Author: William Frej and Ben Ramalingam
Year: 2011
Full Citation: Frej, W., & Ramalingam, B. (2011). Foreign Policy and Complex Adaptive Systems: Exploring New Paradigms for Analysis and Action. (SFI Working Paper: 2011-06-022). New Mexico: Santa Fe Institute. Retrieved from https://www.santafe.edu/research/results/working-papers/foreign-policy-and-complex-adaptive-systems-explor
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Overview: This Santa Fe Institute (a center for research on complex adaptive systems) paper is from a former USAID Mission Director in Afghanistan and a Senior Research Associate of the Overseas Development Institute (ODI). They argue that conventional and reductionist ways of analyzing and dealing with social and economic problem are not applicable to address the complexity, uncertainty and ambiguity that characterizes the emergent behavior of development change [e.g. development programs in Afghanistan]. Foreign policy experts and analysts agree that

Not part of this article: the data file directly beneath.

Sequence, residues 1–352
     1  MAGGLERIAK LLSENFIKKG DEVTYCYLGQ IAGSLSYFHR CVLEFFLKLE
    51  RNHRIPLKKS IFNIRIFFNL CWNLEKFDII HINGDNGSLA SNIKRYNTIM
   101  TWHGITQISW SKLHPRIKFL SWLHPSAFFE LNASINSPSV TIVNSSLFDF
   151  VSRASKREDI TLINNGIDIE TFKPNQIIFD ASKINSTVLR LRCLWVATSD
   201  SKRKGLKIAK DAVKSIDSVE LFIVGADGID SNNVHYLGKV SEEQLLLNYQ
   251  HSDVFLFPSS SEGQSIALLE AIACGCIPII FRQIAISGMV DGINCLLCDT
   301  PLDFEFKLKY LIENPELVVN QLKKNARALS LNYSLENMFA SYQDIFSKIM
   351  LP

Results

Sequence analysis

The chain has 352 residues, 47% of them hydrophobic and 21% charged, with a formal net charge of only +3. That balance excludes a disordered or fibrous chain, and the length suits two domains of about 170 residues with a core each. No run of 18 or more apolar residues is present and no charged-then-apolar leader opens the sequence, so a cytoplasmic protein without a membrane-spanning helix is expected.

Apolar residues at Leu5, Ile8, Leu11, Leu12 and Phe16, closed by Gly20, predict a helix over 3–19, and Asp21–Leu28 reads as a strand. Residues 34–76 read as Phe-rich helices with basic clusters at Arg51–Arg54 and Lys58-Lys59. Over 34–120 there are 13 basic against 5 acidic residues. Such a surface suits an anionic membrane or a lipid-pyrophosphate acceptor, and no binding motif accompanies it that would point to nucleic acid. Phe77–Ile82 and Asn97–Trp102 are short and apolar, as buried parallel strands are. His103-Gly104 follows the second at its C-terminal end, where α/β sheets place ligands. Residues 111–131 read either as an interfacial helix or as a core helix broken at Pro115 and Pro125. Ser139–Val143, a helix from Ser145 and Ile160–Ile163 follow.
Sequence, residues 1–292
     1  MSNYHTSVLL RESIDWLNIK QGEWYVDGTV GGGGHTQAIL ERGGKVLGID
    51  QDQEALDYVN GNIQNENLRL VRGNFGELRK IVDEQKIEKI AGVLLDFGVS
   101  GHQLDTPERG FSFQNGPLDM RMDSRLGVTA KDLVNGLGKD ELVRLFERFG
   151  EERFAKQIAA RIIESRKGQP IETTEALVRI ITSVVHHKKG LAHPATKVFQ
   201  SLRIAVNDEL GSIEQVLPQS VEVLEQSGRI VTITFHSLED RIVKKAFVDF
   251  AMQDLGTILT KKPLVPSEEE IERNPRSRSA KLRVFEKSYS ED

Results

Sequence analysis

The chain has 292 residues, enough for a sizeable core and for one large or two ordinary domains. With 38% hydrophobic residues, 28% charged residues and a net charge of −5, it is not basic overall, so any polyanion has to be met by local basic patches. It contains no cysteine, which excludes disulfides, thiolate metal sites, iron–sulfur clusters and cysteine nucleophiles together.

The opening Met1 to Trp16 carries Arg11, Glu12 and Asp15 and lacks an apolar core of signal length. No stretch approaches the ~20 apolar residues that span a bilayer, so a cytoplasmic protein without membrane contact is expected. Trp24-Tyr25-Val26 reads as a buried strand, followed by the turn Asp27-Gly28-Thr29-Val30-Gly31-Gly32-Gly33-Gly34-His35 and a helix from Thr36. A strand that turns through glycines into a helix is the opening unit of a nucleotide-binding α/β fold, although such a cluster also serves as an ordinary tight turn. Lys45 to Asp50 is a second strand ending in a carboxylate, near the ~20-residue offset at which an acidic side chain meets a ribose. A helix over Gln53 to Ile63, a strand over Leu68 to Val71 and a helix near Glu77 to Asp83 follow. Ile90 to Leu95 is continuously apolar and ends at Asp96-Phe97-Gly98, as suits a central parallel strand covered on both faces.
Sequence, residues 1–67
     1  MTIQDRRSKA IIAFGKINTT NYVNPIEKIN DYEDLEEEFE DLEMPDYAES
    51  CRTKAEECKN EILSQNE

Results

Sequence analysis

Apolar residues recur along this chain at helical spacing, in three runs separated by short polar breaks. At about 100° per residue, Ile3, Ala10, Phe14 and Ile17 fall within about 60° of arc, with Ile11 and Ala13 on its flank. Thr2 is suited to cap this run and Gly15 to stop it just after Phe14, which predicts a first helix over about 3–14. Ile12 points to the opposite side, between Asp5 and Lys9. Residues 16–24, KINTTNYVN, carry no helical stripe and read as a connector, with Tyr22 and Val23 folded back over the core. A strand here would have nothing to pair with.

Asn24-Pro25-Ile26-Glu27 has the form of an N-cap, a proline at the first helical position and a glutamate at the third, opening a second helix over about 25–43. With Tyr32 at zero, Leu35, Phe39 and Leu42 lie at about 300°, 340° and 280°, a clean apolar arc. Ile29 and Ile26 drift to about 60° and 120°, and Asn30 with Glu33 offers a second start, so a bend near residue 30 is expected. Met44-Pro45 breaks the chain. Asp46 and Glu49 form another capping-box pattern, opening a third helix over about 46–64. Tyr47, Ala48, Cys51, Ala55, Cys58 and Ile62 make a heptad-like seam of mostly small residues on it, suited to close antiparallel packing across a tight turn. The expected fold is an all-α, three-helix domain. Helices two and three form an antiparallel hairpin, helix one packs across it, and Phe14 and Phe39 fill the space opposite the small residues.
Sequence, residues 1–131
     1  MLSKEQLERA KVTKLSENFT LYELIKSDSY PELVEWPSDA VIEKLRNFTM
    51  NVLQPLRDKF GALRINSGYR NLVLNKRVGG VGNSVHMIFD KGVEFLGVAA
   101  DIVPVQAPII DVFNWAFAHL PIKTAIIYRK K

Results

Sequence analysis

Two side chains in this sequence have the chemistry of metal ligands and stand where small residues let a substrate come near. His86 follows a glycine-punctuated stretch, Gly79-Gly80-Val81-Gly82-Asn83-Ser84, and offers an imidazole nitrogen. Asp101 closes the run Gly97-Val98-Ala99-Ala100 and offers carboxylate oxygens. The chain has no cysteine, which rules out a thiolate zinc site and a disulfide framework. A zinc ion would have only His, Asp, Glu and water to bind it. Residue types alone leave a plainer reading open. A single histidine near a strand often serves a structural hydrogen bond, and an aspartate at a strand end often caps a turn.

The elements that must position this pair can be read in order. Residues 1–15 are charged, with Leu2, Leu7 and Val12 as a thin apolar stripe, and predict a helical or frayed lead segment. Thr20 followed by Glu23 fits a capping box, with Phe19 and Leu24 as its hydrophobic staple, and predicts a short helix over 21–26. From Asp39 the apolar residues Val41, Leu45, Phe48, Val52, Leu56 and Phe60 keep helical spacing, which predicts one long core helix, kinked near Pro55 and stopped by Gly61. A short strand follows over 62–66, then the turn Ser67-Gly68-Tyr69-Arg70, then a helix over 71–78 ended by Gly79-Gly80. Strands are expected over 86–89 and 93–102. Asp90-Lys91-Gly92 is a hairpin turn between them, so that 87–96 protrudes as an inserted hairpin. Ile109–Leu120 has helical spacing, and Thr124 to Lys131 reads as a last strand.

1. the world is characterized by complex systems that are interdependent and interconnected by multiple feedback processes, and that system-wide behaviors emerge unpredictably from the accumulated interactions among the actors.
  2. in complex systems, change processes are evolutionary and dynamic, are highly sensitive to initial conditions, and can shift dramatically with non-linear tipping points.
  3. complex human systems are populated by ‘adaptive agents’ that act in their own interests with their own view of the situation, who network with, react to, and influence other actors and the wider system.
Enhancing the adaptive capabilities and robustness of these networks is central to strengthening resilience, robustness and innovation. They propose that development actors,
  1. “work to understand the systemic nature of the problems faced in foreign policy and how these problems evolve over time;
  2. involve those people who matter the most in the decisions that matter the most;
  3. avoid ‘silver bullet’ strategies and instead attempt multiple parallel experiments;
  4. establish real-time strategic analysis & learning as a key form of operational feedback;
  5. be open to the fundamental adaptation of efforts, along with changes in local contexts and conditions;
  6. reframe the overall foreign policy efforts as dynamic networks of multiple systems and actors”.
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